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An Israeli agricultural engineer inspects marijuana plants at the BOL (Breath Of Life) Pharma greenhouse in the country's second-largest medical cannabis plantation, near Kfar Pines in northern Israel, on March 9, 2016.
The recreational use of cannabis is illegal in the Jewish state, but for the past 10 years its therapeutic use has not only been permitted but also encouraged. Last year, doctors prescribed the herb to about 25,000 patients suffering from cancer, epilepsy, post-traumatic stress and degenerative diseases. The purpose is not to cure them but to alleviate their symptoms. Forbidden to export its cannabis plants, Israel is concentrating instead on marketing its agronomic, medical and technological expertise in the hope of becoming a world hub in the field.
 / AFP / JACK GUEZ        (Photo credit should read JACK GUEZ/AFP/Getty Images)
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An Israeli agricultural engineer inspects marijuana plants at the BOL (Breath Of Life) Pharma greenhouse in the country's second-largest medical cannabis plantation, near Kfar Pines in northern Israel, on March 9, 2016. The recreational use of cannabis is illegal in the Jewish state, but for the past 10 years its therapeutic use has not only been permitted but also encouraged. Last year, doctors prescribed the herb to about 25,000 patients suffering from cancer, epilepsy, post-traumatic stress and degenerative diseases. The purpose is not to cure them but to alleviate their symptoms. Forbidden to export its cannabis plants, Israel is concentrating instead on marketing its agronomic, medical and technological expertise in the hope of becoming a world hub in the field. / AFP / JACK GUEZ (Photo credit should read JACK GUEZ/AFP/Getty Images)
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 GO WITH AFP STORY by Desiree Martin A picture taken on April 12, 2013 shows plants of marijuana at the plantation of the Sibaratas Med Can association in Mogan on the southwest coast of the island of Gran Canaria. The plants grow from cuttings for approximately two months and then blossom before being harvested, dried, stored in jars for a month and later processed to be consumed on site. Spanish law prohibits the possession of soft drugs like cannabis in public and its growth to be sold for profit is illegal. But the law does tolerate growing cannabis for personal use and its consumption in private. Dozens of private marijuana smoking clubs operate across Spain that take advantage of this legal loophole that serve cannabis users who do not want to get their drugs from the streets. AFP PHOTO / DESIREE MARTIN (Photo credit should read DESIREE MARTIN/AFP/Getty Images)
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GO WITH AFP STORY by Desiree Martin A picture taken on April 12, 2013 shows plants of marijuana at the plantation of the Sibaratas Med Can association in Mogan on the southwest coast of the island of Gran Canaria. The plants grow from cuttings for approximately two months and then blossom before being harvested, dried, stored in jars for a month and later processed to be consumed on site. Spanish law prohibits the possession of soft drugs like cannabis in public and its growth to be sold for profit is illegal. But the law does tolerate growing cannabis for personal use and its consumption in private. Dozens of private marijuana smoking clubs operate across Spain that take advantage of this legal loophole that serve cannabis users who do not want to get their drugs from the streets. AFP PHOTO / DESIREE MARTIN (Photo credit should read DESIREE MARTIN/AFP/Getty Images)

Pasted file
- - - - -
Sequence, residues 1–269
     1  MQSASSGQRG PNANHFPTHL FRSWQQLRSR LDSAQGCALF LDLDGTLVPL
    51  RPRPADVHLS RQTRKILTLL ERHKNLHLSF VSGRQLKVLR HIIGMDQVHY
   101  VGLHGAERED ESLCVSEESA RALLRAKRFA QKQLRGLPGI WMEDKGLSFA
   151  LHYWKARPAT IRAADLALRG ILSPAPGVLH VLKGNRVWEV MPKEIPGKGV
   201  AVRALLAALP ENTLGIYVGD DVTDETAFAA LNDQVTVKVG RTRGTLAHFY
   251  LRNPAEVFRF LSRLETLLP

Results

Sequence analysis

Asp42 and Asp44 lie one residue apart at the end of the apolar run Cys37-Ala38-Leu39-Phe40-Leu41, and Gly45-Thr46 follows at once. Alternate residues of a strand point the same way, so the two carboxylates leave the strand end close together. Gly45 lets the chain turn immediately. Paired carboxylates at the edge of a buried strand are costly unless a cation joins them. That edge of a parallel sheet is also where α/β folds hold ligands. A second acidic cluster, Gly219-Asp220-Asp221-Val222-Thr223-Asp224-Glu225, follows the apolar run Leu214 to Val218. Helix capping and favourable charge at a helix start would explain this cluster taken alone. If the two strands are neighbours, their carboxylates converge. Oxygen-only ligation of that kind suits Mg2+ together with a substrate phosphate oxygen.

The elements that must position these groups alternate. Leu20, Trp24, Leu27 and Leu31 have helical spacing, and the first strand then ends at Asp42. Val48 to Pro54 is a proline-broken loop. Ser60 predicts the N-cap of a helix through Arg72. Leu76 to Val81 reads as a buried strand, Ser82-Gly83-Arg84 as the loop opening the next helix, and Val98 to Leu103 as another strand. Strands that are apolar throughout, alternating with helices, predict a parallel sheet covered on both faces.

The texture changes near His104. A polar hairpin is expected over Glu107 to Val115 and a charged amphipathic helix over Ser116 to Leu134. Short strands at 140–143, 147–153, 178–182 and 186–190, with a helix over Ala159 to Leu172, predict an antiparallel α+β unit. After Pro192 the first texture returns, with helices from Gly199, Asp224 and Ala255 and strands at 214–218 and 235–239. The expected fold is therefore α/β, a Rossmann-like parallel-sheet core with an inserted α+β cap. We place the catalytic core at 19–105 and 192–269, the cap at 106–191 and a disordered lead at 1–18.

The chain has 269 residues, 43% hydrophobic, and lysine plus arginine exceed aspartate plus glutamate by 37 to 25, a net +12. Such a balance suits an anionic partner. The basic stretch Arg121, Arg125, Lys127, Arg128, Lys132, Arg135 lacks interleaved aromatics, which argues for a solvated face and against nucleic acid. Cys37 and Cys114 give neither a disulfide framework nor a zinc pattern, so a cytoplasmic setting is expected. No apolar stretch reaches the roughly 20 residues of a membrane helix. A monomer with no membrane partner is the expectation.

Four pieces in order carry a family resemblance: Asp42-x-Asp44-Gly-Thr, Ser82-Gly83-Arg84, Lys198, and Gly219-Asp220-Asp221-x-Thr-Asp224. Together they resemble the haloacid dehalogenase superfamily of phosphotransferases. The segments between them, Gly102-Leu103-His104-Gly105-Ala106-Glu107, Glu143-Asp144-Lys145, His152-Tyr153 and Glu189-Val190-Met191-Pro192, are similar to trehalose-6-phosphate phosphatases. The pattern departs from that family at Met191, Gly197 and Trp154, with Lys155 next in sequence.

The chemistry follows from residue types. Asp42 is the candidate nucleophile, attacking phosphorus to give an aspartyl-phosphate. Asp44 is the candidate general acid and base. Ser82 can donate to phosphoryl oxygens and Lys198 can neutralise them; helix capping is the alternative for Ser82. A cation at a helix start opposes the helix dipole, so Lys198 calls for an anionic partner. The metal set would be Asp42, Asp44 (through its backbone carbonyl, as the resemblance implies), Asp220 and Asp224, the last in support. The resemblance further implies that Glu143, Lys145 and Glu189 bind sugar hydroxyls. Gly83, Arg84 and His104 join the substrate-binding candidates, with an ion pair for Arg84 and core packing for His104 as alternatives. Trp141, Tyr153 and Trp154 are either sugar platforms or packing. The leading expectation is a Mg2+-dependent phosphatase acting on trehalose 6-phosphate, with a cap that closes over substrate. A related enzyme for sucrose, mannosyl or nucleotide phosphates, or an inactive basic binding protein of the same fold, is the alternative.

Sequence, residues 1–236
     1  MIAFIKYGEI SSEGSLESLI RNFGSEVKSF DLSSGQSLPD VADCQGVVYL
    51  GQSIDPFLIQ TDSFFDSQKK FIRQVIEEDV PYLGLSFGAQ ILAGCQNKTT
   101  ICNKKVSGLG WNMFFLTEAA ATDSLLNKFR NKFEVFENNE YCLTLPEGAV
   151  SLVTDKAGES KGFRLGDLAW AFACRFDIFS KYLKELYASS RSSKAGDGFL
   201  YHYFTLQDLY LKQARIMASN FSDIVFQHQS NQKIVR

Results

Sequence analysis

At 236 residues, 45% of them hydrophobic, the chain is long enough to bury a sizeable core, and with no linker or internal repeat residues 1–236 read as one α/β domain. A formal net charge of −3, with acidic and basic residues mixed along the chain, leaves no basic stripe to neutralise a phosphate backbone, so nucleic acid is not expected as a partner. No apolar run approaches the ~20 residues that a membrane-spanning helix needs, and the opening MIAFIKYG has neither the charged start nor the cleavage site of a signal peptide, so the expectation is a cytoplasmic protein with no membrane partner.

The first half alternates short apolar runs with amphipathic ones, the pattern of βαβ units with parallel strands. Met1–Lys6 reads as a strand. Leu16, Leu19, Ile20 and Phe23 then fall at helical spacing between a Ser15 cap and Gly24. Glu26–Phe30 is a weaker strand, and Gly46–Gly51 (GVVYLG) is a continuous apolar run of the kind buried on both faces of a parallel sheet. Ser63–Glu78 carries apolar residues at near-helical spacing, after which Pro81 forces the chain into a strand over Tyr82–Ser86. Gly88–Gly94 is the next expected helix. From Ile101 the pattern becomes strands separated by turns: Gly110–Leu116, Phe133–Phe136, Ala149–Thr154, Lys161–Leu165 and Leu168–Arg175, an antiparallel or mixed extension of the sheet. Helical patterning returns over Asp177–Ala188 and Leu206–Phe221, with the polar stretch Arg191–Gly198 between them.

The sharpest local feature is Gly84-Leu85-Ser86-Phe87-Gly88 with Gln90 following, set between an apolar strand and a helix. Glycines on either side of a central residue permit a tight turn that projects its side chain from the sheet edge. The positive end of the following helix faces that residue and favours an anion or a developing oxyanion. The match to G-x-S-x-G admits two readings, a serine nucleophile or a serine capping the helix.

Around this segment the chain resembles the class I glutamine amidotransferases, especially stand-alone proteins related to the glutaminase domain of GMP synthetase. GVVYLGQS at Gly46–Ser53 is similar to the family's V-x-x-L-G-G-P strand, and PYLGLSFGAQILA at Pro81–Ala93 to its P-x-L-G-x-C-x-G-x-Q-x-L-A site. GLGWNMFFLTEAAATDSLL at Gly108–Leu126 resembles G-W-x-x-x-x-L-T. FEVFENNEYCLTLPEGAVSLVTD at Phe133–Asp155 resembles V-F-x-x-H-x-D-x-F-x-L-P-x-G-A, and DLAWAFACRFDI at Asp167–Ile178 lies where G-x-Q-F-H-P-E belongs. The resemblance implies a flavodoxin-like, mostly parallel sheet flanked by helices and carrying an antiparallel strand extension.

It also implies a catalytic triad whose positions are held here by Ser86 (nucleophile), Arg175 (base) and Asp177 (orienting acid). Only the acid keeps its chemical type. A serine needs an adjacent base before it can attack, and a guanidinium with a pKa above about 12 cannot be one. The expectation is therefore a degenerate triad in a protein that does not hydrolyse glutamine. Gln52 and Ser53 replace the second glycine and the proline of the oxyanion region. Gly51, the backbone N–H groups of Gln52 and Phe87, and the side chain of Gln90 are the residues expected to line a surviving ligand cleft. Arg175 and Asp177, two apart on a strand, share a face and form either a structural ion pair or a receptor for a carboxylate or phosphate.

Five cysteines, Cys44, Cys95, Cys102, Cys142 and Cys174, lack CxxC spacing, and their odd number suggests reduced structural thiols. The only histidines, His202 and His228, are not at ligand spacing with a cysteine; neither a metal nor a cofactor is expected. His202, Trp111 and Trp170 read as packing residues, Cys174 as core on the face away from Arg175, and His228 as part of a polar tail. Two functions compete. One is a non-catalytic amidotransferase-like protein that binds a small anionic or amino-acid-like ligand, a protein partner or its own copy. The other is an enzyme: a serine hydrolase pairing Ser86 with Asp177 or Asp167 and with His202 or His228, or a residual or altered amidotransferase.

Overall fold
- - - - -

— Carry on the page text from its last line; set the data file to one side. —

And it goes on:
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(CNN Business) —  

Coca-Cola last month teased the possibility it could get into the cannabis business. But the beverage maker now says it’s not interested in pot.

CEO James Quincey said the company “doesn’t have any plans at this stage” to enter the CBD market, during an earnings conference call with analysts Tuesday.

CBD is a non-psychoactive component of marijuana.

Quincey’s comments came in response to a question from Cowen & Co. analyst Vivien Azer, who asked about rumors that Coca-Cola (KO) was looking at the CBD category.

Coke said in September that it was “closely watching” the growth of CBD as a possible ingredient for so-called wellness beverages. At the same time, rumors swirled that Coke was considering an investment in Canadian cannabis company Aurora (ACB).

It looks like Coke decided to pass.

Shares of Aurora, which just began trading on the New York Stock Exchange last week, rallied nonetheless on Tuesday. So did shares of fellow Canadian pot stocks Cronos (CRON), Aphira (APHQF) and Canopy Growth (CGC).

Even though Coke shot down chatter of an imminent deal with Aurora or other cannabis companies, there is still growing interest in CBD from larger global consumer companies ever since recreational marijuana became legal in Canada earlier this month.

Coke’s archrival Pepsi (PEP) hasn’t completely ruled out a move into cannabis. Chief Financial Officer Hugh Johnston told analysts during its earnings call earlier this month that “it’s fair to say we look at everything” in response to a question about cannabis.

But Johnston added that investing in CBD, especially in the United States, would be a “considerable challenge” as long as marijuana remains illegal on a federal level. It’s legal in nine states and D.C.

That murky legal status hasn’t kept the beer and spirits makers at bay.

Corona owner Constellation Brands (STZ) has a more than $4 billion stake in Canopy Growth.